Organizations/Fraternities and Sports  
Like most Kenyon students at the time, Rhodes hoped to become involved in fraternity life. Though it was not stated formally, most Kenyon fraternities unofficially excluded black students from membership. A local fraternity, Archon, was an exception to the rule. Like Robert Bennett before him, Rhodes pledged and became a member of the Archon Fraternity.

Seal of the Archon Fraternity
His connections within the Archons ultimately led him to his campus job as a proctor in the Pool Lounge. In addition to pledging Archon his freshman year, Rhodes also played and lettered on the varsity football and lacrosse teams. He decided to stop playing football, however, in the interest of his grades.

Kenyon Football Team 1953

Rhodes #75 and Lowry #44, were among the first black students to attend Kenyon College. Both played on the varsity football team.

Ed Rhodes Shooting Pool

Rhodes served as a proctor in the pool hall as a part-time job.

Race Related Incidents
Rhodes was very gregarious and outgoing upon entering Kenyon. He states that he had very few overtly racial incidents at Kenyon. Along with his own personality, he attributes his acceptance to two factors: First, there were only six or seven blacks at Kenyon during his entire four-year stay. He believes that these numbers were too small a black population to be intimidating. Although three black students entered in his class, Rhodes was the only to graduate in 1955. Second, he knew that racism existed, as it did everywhere, therefore he used his intuition and personal judgment. "Yes, I encountered racism, but it was no different than was universally present in the 1950s...I wouldn't go anywhere I thought that I wouldn't be welcomed."

Rhodes also had prior experience working with whites. During the summers before college, he had served as a bus boy and waited tables at a country club. His father told him that every black man should know how to wait a table, that way he would always have a job. Although Rhodes was reluctant to accept that, he knew that it was true for the time period.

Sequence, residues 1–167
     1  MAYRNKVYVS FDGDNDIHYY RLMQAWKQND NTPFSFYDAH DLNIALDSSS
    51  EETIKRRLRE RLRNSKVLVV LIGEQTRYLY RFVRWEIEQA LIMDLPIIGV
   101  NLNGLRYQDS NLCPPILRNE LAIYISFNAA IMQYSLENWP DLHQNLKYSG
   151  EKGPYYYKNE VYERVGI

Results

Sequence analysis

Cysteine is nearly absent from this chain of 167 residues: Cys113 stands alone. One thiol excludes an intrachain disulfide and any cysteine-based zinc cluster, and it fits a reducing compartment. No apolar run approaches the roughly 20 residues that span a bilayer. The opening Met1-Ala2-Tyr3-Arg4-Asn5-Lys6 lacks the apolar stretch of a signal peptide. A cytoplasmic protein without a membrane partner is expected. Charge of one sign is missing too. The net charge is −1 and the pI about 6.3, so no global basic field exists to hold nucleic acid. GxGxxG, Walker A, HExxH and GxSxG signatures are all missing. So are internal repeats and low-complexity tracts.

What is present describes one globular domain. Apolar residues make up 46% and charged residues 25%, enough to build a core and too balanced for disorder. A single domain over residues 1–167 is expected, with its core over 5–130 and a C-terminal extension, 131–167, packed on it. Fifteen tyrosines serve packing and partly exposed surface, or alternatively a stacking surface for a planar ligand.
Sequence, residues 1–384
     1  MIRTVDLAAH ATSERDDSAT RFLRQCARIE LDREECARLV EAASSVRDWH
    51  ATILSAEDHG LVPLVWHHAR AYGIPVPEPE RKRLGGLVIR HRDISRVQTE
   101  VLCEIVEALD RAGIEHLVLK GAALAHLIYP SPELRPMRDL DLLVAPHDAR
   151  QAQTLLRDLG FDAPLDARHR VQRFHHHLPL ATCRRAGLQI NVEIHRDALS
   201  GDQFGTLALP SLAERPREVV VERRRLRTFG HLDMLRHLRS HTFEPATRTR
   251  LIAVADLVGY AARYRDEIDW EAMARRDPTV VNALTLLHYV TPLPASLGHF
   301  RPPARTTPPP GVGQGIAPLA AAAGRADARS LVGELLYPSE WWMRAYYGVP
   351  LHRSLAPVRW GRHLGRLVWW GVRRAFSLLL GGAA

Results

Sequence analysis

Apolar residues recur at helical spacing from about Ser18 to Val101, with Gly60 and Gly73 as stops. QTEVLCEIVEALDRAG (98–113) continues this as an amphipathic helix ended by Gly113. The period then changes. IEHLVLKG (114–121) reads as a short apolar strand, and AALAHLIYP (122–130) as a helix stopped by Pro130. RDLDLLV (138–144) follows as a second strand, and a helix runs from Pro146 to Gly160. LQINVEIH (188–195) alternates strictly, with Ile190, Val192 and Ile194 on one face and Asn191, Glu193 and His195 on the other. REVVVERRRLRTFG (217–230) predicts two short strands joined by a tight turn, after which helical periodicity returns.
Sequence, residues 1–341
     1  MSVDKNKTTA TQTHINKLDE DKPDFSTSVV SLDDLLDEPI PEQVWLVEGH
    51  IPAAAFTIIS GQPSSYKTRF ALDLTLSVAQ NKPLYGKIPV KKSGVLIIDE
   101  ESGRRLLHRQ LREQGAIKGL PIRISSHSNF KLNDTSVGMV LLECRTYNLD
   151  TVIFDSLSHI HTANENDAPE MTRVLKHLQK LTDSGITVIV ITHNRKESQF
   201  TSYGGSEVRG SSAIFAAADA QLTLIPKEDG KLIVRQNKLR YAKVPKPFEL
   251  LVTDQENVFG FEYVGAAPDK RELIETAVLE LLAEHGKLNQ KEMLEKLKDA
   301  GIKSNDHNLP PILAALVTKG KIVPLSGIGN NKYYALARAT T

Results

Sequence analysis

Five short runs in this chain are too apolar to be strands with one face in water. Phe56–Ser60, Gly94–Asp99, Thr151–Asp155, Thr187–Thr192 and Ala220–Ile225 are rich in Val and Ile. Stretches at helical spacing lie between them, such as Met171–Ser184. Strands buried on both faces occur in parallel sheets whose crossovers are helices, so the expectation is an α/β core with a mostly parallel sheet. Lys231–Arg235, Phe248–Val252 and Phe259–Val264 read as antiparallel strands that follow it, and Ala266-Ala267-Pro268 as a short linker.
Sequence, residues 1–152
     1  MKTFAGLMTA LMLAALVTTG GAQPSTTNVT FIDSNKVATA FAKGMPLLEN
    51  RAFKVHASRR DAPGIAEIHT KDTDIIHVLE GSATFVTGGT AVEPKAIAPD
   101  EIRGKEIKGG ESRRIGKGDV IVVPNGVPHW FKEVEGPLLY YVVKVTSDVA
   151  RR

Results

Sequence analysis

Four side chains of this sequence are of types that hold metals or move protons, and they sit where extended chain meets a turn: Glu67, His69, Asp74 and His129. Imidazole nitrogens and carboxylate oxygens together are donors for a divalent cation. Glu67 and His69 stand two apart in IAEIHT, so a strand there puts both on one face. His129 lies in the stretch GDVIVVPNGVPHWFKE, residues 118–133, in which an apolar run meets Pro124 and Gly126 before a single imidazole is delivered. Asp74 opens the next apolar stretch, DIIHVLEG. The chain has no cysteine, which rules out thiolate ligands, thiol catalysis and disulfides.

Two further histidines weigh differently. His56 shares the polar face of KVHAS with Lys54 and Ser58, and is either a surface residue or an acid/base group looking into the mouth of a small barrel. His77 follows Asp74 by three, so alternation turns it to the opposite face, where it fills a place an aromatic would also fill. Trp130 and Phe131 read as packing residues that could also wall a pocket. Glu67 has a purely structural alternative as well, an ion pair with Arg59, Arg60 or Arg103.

Even though his experience was pleasant overall, he still recalls certain racially motivated occurrences. During a lecture in a Chemistry course his freshman year, a professor, used the phrase "nigger in the wood-pile" when describing how scientist knew that there were more elements yet to be discovered. Although this offended him, he felt that there was nothing he could do that would positively benefit him, so he simply chose to ignore it.

Ed Rhodes 1955

"I expected to get a superior education and received exactly what I expected. My goal was to receive a good education and familiarization with whites in a setting that would prepare me for the real world...I was proud to be a Kenyon graduate and felt that it gave me credibility when evaluated for jobs."

Rhodes went to work for the air force at Wright Patterson Air Force Base, in Ohio (near Dayton). Rhodes was drafted, returned to WPAFB and subsequently transferred to Washington D. C. where he became a civil servant.

Rhodes currently is president of Sectek, Incorporated, based in Virginia. Sectek is a professional services company providing advanced solutions to government, the commercial sector and the defense industry. Rhodes now resides in Silver Spring, Maryland.

Black Students @ Kenyon in the 1950s



Kenyon in the 1950s